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1. What is Arthritis?
arthiritisArthritis is a joint disorder that involves inflammation of one of more joints. Symptoms associated with arthritis include joint pain, stiffness, and swelling. There are different types of arthritis. The most common is osteoarthritis, which is also known as degenerative joint disease (DJD). Other forms of arthritis include juvenile arthritis and rheumatoid arthritis.

2. What is Osteoarthritis?
knee-arthiOsteoarthritis referes to degenerative changes that occur within a joint. It is characterized by the breakdown of joint cartilage. Cartilage is the area of a joint that cushions the ends of the bones and allows for easy movement (synovial fluid lubricates the cartilage). As the cartilage wears down, the bones begin to rub against each other which is problematic. When pain is present, the classic signs that lead to a diagnosis of arthritis include: stiffness in the morning (lasting less than 30 minutes) and increased pain with weather changes (damp weather).

Degenerative changes can be the result of aging or wear and tear, prior injury to the joint, repetitive strain placed on a particular joint (obesity/sports), or genetic predisposition. It should be noted that some degree of degenerative changes (wearing down of cartilage) is normal with age, and that some degree of degenerative changes in joints cause pain or discomfort. This type of “wear and tear” osteoarthritis is known as primary osteoarthritis. Secondary osteoarthritis refers to arthritis that occurs due to a specific causes such as repetitive stress placed on a joint (injury or obesity).

Osteoarthritis most often occurs in the knees, hips and hands. Shoulders can also be affected. The pain and suffering experienced as a result of osteoarthritis often makes activities of daily living such as walking, bending, playing sports, etc., very difficult to do without discomfort.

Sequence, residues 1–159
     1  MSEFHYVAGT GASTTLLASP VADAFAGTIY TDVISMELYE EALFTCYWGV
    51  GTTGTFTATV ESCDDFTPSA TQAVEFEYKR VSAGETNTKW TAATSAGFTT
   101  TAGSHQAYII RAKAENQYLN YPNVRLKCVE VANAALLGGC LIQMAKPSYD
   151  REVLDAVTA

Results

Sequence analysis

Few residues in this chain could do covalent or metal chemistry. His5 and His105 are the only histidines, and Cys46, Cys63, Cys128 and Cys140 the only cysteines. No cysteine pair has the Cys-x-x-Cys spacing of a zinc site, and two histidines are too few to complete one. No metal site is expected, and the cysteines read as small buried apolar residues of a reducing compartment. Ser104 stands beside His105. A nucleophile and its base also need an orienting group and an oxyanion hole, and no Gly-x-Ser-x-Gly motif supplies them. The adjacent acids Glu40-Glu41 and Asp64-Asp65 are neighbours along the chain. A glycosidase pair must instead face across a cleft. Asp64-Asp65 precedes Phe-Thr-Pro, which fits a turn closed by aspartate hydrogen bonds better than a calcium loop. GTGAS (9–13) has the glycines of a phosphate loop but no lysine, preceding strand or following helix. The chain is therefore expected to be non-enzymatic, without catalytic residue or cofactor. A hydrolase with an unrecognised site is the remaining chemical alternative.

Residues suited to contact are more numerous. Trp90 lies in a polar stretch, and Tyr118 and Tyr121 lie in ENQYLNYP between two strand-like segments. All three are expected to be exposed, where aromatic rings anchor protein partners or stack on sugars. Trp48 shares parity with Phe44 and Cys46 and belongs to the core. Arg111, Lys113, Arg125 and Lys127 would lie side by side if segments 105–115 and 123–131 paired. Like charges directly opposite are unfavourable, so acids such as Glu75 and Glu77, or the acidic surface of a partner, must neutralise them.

3. How do we treat Osteoarthritis?
Although there is no cure for arthritis, often the symptoms associated with the condition can be lessened with the use of various treatment modalities which can include medical acupuncture (pain), interferential current (IFC or TENS), soft tissue techniques (stretch tight muscles), laser therapy (control swelling) and rehabilitation (exercises, stretching and strengthening). Recent research also demonstrates the benefits of supplementation which has been claimed to help symptomatically. Physical activity and weight loss are two effective non-drug treatments for osteoarthritis – remember – for every pound lost, you will ensure four times less pressure burden on your joints. Swimming, which is a non weight bearing or in other words is an activity that does not put significant force on your joints, is an excellent activity.

4. What supplements can I take for Osteoarthritis?
Glucosamine and chondroitin are natural molecules found in the body. These molecules serve as building blocks in the formation and repair of joint cartilage and other tissues. Furthermore, these molecules are natual anti-inflammatories.